It doesn’t hurt to say – one more time – that a Thrift Savings Plan (TSP) is not the same as an Individual Retirement Arrangement (IRA). Yes, they work in similar fashion being that they are tax-advantaged retirement savings plans, but they have different rules. If you don’t know these rules, you could pay quite a bit at tax time.
Some people have questioned the legitimacy of the Roth tax trap outlined in another article, with one person saying when someone takes money out of a Roth TSP, the withdrawals are seen as coming from their own contributions. If the withdrawal is more than the amount contributed, then it can be taxed.
While the statement is true for Roth IRAs, it’s not for TSP withdrawals or another employer-sponsored retirement plan. Should someone see this statement and take it to heart for the TSP would be in for a real shock at tax time.
What are some other key rules’ differences for the TSP and IRA?
-One rule is to stop people from contributing to a Roth IRA or deduct contributions from a traditional IRA if the income they have is above a certain amount. No limits apply to TSP.
-A person can contribute to a TSP only from their federal salary via a payroll deduction, but contributions to an IRA can come from any source.
-A traditional IRA can be converted to a Roth IRA, but money in the traditional TSP must remain in the account and cannot be moved into a Roth TSP.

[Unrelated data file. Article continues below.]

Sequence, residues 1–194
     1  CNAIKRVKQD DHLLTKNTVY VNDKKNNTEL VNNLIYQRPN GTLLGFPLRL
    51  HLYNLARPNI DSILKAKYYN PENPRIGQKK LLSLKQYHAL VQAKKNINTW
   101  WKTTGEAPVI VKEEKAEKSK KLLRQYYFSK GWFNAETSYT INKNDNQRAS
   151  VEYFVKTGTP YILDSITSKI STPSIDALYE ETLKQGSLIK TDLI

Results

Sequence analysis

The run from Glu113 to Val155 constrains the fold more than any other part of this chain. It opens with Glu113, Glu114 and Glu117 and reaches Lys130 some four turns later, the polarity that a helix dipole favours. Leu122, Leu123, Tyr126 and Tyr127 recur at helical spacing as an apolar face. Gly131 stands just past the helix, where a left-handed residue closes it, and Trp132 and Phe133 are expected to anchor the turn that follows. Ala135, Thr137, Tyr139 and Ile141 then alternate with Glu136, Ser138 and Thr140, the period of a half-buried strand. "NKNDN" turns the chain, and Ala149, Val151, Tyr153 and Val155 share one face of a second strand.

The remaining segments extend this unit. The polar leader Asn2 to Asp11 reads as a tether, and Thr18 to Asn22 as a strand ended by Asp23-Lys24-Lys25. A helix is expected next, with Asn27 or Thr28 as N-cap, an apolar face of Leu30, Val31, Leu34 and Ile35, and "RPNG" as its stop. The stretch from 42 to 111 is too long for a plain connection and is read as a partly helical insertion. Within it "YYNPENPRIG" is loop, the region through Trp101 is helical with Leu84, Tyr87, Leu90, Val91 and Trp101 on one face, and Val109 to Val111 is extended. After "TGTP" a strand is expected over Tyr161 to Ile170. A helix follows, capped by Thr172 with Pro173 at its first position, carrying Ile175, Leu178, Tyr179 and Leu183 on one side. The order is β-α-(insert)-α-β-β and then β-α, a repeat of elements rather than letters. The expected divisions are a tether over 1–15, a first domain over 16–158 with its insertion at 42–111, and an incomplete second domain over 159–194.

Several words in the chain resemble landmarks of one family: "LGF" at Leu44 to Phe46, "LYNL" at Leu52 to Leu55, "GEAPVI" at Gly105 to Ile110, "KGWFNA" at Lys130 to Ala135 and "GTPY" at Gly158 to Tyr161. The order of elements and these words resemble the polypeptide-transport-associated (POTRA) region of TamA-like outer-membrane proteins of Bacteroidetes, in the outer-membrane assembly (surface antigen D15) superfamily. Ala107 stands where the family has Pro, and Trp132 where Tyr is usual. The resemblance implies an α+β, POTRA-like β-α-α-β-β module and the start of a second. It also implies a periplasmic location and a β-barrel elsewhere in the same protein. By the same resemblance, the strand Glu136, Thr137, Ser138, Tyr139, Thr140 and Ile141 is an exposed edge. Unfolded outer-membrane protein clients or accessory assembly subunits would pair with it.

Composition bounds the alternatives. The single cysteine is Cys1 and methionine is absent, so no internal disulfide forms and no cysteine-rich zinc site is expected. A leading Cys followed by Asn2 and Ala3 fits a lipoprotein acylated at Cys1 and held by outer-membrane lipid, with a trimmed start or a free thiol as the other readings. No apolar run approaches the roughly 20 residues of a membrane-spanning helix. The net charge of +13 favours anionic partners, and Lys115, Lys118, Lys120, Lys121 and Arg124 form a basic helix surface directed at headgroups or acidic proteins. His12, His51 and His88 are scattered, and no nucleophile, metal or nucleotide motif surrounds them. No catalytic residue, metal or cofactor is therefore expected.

-Contributions to the traditional IRA are no longer acceptable if you are working when you turn 70 1/2. Instead, you must start taking the required minimum distributions. If you’re working after this age, you can still contribute to the TSP without having to take any Required Minimum Distributions until you retire.
-If you quit working in federal service when you turn 55, you can access the money in your TSP without any penalties. For special category jobs (air traffic controllers, customs and borders protection officers, DSS agents with the Department of State, firefighters, law enforcement officers, nuclear materials couriers and Supreme Court and Capitol Police) the age is 50. In an IRA, there is a 10 percent penalty on early withdrawals for whatever is used before the age of 59 ½.
Always read the rules of each savings plan before you do anything to ensure you are not hit with an unexpected tax bill.